Genworth has named CFO Martin Klein as interim chief executive. It will conduct a search for a permanent replacement.

Resigning from a Fortune 500 company in turmoil comes with some perks.

Two weeks after Michael Fraizer’s abrupt resignation May 1 as chief executive of Genworth Financial, the company announced the details of a separation agreement that will net him a generous parting gift.

Within the next month, the company will pay Fraizer a lump sum of $2.25 million, according to the agreement that was disclosed this week in a Securities and Exchange Commission filing.

Frazier will also be able to cash out 277,000 shares of stock at the end of 2012 that were previously restricted. At Genworth’s current stock price, those shares are worth about $1.4 million.

He has an additional 833,000 shares that he has yet to cash out. They are exercisable until June 2013.

He also retains his rights to the company’s supplemental executive retirement plan. The present value of Fraizer’s accumulated benefits in that plan is $2.4 million, according to Genworth’s proxy.

Fraizer’s sudden resignation came two weeks after the West End-based insurance giant postponed a planned IPO of its Australian subsidiary. That postponement hurt the company’s stock price, which has taken a beating in recent years.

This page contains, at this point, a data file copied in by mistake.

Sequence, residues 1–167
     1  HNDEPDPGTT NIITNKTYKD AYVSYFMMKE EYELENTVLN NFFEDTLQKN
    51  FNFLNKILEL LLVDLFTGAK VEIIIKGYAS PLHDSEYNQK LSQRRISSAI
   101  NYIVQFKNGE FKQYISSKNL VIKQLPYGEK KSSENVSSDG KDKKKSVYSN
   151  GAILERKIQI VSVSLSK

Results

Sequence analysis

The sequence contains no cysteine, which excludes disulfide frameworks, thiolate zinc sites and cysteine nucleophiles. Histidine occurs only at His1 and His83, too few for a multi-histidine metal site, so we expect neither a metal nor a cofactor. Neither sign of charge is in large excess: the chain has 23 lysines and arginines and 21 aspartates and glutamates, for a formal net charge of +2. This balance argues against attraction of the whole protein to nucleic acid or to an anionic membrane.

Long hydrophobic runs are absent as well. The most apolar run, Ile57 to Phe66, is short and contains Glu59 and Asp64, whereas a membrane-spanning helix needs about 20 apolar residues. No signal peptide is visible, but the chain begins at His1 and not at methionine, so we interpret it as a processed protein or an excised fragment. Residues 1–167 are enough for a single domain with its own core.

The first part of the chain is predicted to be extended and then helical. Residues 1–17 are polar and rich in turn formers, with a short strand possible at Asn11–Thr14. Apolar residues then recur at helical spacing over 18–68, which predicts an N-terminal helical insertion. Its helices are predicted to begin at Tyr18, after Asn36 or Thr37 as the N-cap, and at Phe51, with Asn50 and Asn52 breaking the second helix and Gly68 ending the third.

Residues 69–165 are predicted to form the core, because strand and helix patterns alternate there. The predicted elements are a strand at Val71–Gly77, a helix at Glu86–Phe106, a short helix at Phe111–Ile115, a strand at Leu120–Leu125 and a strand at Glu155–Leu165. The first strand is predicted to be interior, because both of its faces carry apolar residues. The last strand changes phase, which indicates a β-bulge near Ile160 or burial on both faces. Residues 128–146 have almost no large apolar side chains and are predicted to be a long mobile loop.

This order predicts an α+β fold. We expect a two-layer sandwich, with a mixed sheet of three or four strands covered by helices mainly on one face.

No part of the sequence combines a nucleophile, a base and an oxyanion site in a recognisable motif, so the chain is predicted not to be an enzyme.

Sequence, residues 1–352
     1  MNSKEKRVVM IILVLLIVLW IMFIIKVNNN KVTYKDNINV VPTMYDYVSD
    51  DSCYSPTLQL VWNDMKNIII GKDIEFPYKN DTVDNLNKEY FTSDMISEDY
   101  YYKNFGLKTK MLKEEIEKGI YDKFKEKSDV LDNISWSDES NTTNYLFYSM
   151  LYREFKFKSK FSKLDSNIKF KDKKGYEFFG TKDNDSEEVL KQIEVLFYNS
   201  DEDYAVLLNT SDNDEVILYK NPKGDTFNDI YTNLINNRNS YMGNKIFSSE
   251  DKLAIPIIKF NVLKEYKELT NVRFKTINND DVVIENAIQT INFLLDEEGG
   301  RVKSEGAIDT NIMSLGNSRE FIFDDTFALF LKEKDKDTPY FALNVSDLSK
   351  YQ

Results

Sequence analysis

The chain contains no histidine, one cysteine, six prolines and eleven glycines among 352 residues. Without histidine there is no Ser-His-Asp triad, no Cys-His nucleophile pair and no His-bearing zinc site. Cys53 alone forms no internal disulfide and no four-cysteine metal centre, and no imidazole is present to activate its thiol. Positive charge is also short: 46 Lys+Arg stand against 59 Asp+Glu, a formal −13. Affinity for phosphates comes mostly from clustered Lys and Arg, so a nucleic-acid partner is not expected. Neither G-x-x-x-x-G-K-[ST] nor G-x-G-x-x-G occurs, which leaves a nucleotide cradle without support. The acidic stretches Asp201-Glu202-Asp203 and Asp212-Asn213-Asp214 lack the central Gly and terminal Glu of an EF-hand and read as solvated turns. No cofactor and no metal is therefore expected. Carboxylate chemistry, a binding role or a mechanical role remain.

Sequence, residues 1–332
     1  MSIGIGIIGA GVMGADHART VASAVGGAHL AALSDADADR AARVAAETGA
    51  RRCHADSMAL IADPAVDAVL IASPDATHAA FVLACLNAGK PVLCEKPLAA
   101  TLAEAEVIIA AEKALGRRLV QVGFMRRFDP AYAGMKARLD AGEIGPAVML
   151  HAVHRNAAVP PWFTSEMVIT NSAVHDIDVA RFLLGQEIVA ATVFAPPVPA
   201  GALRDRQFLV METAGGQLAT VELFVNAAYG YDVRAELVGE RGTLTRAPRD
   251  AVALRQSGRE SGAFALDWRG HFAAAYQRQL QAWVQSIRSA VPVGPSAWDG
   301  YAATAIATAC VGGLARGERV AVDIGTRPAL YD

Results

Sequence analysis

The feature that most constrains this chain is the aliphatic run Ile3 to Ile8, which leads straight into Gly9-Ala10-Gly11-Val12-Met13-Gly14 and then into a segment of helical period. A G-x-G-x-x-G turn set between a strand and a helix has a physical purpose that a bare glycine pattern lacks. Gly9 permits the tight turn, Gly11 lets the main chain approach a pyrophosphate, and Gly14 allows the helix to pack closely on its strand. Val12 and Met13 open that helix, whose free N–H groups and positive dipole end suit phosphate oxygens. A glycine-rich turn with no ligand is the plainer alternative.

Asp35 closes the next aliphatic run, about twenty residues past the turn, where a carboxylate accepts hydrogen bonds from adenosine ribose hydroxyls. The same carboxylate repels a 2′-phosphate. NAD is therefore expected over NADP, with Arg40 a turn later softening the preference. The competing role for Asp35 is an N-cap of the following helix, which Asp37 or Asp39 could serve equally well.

Fraizer had been at the head of the company prior to its spinoff by General Electric in 2004. He oversaw massive losses at Genworth as a result of the housing bubble and the recession, which battered its mortgage insurance business.

Its bottom line had bounced back in recent quarters, although its stock price has yet to reach pre-recession highs.

Despite resigning as president and chief executive, Genworth said in the SEC filing that Fraizer’s employment with the company runs through June 29.

The separation agreement calls for Fraizer to abide by a one-year non-compete provision, a two-year non-solicitation clause and a non-disclosure agreement.